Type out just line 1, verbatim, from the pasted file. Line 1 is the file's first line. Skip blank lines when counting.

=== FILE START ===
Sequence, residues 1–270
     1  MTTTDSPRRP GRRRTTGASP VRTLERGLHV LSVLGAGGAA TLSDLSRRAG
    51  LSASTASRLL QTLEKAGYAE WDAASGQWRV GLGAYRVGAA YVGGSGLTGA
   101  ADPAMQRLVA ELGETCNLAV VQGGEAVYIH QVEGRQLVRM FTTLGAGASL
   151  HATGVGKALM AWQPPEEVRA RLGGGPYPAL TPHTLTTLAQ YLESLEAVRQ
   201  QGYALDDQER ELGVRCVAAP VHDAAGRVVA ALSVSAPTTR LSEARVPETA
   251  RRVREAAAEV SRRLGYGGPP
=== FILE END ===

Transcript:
Sequence, residues 1–270